by Dave Briggs
photo by Dave Landry
Extensive property redevelopment plans call for the Edmonton track to cease horse racing at the end of 2016. But Alberta Standardbred Horse Association executive director Fred Gillis believes horse racing will continue in the city, perhaps at a new track.
Northlands Park in Edmonton, AB announced Wednesday (Feb. 17) that plans for a $165 million renovation to its extensive property call for horse racing to cease operating on the site after 2016.
It was yet another blow to the province’s horse racing industry which lost its joint standardbred-thoroughbred circuit between its two biggest cities in 2008 when Stampede Park in Calgary ceased racing to make way for a new track in the city that didn’t materialize for seven years. When Century Downs north of the city opened in April of 2015, Alberta’s horsepeople finally had the dual-city circuit back. Ten months later, Northlands Park has announced it plans to stop racing.
The possible end of both standardbred and thoroughbred racing in the provincial capital didn’t come as huge surprise to Fred Gillis, executive director of the Alberta Standardbred Horse Association (ASHA).
“There have been rumblings from Northlands, hints at their board meetings, innuendoes and all that. So, it’s not a broadside,” Gillis said Thursday. “It isn’t totally unexpected.”
Northlands property is currently home to the National Hockey League’s Edmonton Oilers. But the team is building a new $600 million arena downtown expected to open in time for the start of the 2016-2017 season. Planning for a future without its major tenant, Northlands unveiled Vision 2020 Wednesday in an attempt to transition into a national sports tournament and festival centre.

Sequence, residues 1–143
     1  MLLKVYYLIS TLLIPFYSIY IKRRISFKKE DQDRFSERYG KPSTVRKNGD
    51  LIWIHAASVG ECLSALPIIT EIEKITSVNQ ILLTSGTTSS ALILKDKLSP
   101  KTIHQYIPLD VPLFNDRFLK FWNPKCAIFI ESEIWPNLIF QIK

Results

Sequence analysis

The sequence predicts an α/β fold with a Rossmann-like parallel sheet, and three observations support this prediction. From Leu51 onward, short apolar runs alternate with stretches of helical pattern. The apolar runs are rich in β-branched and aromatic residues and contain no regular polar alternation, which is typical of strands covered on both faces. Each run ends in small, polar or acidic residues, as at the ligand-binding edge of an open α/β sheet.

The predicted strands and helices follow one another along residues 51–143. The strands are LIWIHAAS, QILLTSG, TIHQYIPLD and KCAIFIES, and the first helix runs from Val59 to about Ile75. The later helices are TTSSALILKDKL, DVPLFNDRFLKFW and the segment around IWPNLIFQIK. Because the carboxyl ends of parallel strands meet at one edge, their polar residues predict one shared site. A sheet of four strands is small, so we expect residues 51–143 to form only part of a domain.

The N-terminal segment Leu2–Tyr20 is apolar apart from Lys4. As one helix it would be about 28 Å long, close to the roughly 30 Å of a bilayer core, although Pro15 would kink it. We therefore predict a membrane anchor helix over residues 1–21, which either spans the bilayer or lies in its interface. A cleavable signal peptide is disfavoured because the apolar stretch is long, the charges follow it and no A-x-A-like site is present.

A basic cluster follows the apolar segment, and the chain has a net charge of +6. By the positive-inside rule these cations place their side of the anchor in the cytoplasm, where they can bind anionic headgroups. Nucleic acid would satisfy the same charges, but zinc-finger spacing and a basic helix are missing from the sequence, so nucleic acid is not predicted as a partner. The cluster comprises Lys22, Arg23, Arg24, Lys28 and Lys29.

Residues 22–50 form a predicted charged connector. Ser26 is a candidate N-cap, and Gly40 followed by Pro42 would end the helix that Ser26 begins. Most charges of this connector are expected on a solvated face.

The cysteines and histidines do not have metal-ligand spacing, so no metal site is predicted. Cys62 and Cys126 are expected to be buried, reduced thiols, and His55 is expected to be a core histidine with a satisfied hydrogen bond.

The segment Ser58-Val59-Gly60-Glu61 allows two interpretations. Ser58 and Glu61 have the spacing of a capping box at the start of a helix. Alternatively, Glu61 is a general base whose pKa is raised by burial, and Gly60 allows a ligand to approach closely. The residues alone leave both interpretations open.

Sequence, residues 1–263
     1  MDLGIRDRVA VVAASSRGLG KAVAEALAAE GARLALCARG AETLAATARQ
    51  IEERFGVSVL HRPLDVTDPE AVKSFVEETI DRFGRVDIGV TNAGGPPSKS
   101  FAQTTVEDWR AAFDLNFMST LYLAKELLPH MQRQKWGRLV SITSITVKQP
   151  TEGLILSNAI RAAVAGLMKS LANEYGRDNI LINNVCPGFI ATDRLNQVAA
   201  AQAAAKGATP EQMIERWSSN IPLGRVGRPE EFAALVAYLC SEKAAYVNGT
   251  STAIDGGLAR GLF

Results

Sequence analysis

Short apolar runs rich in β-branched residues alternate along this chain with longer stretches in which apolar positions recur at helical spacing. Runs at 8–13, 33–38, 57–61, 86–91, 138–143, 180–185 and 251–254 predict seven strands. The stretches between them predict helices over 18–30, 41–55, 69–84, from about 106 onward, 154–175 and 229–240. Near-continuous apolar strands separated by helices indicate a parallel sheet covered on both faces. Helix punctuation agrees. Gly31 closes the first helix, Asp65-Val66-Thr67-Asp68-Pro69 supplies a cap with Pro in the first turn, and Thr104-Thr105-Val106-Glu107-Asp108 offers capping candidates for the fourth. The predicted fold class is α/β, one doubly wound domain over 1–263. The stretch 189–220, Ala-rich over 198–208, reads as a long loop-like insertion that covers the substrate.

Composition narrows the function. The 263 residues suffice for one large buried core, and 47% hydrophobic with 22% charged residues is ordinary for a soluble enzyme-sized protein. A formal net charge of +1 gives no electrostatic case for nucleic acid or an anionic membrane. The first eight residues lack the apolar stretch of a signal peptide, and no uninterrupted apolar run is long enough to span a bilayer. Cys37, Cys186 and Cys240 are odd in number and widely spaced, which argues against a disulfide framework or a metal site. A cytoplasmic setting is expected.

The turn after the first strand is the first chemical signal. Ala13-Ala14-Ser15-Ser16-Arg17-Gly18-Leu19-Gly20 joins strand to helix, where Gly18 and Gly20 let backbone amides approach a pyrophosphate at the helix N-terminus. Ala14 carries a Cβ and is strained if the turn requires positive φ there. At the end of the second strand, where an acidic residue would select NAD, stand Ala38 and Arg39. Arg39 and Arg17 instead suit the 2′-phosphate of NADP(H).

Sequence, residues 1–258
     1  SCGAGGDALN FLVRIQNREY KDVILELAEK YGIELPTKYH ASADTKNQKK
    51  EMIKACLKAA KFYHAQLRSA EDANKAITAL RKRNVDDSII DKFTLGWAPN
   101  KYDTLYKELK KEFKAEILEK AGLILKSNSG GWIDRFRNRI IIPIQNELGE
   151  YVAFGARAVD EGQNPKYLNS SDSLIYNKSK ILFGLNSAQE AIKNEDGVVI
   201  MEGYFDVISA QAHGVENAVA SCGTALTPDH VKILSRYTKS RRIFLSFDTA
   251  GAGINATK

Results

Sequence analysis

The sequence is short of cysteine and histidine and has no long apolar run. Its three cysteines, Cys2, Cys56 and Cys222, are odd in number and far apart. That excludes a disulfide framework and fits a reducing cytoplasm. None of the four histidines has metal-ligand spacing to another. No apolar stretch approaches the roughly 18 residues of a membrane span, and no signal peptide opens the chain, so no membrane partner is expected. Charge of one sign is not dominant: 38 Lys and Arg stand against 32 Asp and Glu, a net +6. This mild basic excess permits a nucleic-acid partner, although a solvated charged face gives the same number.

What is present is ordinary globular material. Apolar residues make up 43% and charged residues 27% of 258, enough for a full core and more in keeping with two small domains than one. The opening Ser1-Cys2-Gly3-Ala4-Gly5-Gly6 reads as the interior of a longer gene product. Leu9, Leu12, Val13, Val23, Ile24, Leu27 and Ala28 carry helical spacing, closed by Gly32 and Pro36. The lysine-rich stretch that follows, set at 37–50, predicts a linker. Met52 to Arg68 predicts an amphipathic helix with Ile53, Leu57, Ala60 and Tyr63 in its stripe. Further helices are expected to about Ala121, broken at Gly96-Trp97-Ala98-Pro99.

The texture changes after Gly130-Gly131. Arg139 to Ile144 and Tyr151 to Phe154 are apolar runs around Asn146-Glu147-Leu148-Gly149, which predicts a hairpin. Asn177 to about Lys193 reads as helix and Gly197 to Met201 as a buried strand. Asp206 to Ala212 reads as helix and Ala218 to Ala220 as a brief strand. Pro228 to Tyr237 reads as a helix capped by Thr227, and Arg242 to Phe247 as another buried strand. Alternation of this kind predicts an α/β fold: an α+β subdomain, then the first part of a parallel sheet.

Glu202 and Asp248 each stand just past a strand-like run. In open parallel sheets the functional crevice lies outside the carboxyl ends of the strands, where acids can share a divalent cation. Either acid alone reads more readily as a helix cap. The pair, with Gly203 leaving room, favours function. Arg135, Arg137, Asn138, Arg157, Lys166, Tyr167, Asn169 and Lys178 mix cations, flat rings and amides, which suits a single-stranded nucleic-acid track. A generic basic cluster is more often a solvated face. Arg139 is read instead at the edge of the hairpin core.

“You have to appreciate that without the hockey team and without other venues, they’re going to have to restructure, probably, to survive in the market. They’ve got quite a compound there,” Gillis said.
Plans call for Rexall Place, the Oilers’ current arena to be transformed into a six-pad, two-floor arena complex and for the racetrack to be repurposed into a festival site.
Gillis said the news is softened somewhat by word that “three or four entities that have expressed interest to Horse Racing Alberta in putting a new track south of Edmonton.”
He said the hope is a new track — with a smaller grandstand like the one at Century Downs — can be built and Northlands Park can be persuaded to continue racing until a new facility opens.
In the meantime, Gillis express doubts Northlands will be able to move as quickly as it would like on the redevelopment.
All this comes as the provincial government is in the middle of negotiating horse racing’s future with Horse Racing Alberta (HRA). The existing funding deal between HRA and the province ends March 31.
“It was indicated to our group that (the provincial government) does not have a policy to end horse racing. But they’re looking for ways to generate more money,” Gillis said of a province that has struggled economically of late what with its main commodity — oil — trading at around $30 per barrel.
“The picture in Alberta will be a lot clearer, I think, in 90 days,” Gillis said.
“I guess the toughest part for all of our members and our players is it’s been a tough haul since Stampede went down in 2008. We finally get up and running and the future was looking better here again in the province and now this. It has been difficult. It would be hard to say it wasn’t, but I think if the entities become a reality in the next 90 days and people realize they are real entities (interested in building a new track in Edmonton)… then I don’t think anybody’s going to jump off a cliff.”
In the meantime, Gillis said the news has been especially tough on horse breeders.
“It’s tough on breeders because breeding season is just around the corner here. That’s the biggest question I’m getting is whether to continue breeding without the imminent knowledge of what the plan is. That’s the biggest short-term issue, which is to convince people to stay at it and let it play out.”